2014 NFL Draft: Identifying the Safest Picks in Round 1
Being considered a “safe” NFL draft selection seems to carry a negative connotation, but it shouldn’t.
A prospect described as safe is typically a player who had impressive production throughout his collegiate career but is not considered to have exceptional physical tools or untapped potential.
By definition, however, the safest prospects are the ones who are the most likely to succeed to some degree, regardless of whether or not they have the most potential to excel.
In an era where even one bad season can cost an NFL coach or general manager his job, safe prospects should be considered even more valuable, as early-round draft busts can quickly derail a team’s chances at contention.
The debate between safer picks versus higher potential could come into play as early as the first two picks in the 2014 NFL draft. Will teams at the top of the board opt for safer bets in Louisville quarterback Teddy Bridgewater and Texas A&M offensive tackle Jake Matthews, or will UCF signal-caller Blake Bortles and Auburn offensive tackle Greg Robinson be projected as better NFL players because of their physical tools?
The following eight players aren’t all projected as early first-round selections, but all of them are among the draft’s surest bets to find next-level success.
Jake Matthews, OT, Texas A&M
Matthews is the epitome of a safe selection in the 2014 NFL draft. While his physical tools are not as eye-popping as those of Auburn’s Greg Robinson and Michigan’s Taylor Lewan, he has a complete skill set that should translate to immediate NFL success.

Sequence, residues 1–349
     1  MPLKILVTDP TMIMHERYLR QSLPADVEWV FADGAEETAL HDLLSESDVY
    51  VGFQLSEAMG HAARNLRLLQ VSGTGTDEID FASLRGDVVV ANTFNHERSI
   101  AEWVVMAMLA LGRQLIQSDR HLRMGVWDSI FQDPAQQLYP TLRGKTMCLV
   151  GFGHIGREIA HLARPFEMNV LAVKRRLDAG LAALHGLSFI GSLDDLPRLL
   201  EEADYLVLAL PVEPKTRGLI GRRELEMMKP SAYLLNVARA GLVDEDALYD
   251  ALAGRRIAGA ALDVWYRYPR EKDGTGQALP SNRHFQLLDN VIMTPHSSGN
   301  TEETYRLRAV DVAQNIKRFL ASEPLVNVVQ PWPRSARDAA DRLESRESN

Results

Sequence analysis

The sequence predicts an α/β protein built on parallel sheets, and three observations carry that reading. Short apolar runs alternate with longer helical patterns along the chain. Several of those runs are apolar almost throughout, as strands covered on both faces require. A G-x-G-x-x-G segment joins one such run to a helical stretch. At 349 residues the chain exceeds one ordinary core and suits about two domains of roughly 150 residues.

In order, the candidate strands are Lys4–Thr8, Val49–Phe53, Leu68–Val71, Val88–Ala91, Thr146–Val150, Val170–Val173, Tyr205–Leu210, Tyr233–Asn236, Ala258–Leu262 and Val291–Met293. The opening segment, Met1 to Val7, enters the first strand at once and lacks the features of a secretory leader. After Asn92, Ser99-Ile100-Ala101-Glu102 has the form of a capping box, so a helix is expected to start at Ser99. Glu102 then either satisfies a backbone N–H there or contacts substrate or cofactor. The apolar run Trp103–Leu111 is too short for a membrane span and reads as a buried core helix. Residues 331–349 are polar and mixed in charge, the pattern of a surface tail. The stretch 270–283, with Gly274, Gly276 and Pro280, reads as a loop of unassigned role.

While Matthews doesn’t have quite as much size or athleticism as Robinson or Lewan, he still has a very good physical skill set for an offensive tackle, including the 6’5”, 308-pound frame, 33 3/8” arms and 5.07-second 40-yard dash speed that he displayed at this year’s NFL Scouting Combine, according to NFL.com.
It’s tantalizing to project how good Robinson could become, but there simply isn’t much need for projection with Matthews.
Dominant as a pass-protector and impactful as a run-blocker at Texas A&M, Matthews has exceptional footwork, good syncopation between his upper and lower body, satisfactory strength and nearly flawless fundamentals.
He might not be quite as overpowering or explosive off the snap—which has many projecting Robinson to be selected ahead of him—but regardless of where is selected, the NFL team which takes Matthews should feel confident it is getting a stalwart offensive tackle for many years to come.
Teddy Bridgewater, QB, Louisville
Given the complexity and pressure of playing the position, quarterbacks are often considered to be among the least safe selections in the NFL draft. That might be true of most of the 2014 draft’s top quarterback prospects, but Louisville’s Teddy Bridgewater is the exception.
Buzz and speculation haven’t been on Bridgewater’s side lately, and that might be because his game lacks a “wow factor.” That said, there are no significant flaws in Bridgewater’s game that should keep him from being a capable NFL starting quarterback.
From his leadership and toughness, to his mechanics and accuracy, Bridgewater has a veteran-like presence on the field. He moves well both inside and outside of the pocket and can throw the ball on target and with velocity to all areas of the field.
Some believe UCF’s Blake Bortles and Texas A&M’s Johnny Manziel will be selected higher than Bridgewater because of their more promising physical skill sets, but Bridgewater is the surest bet to be the franchise quarterback an NFL team needs.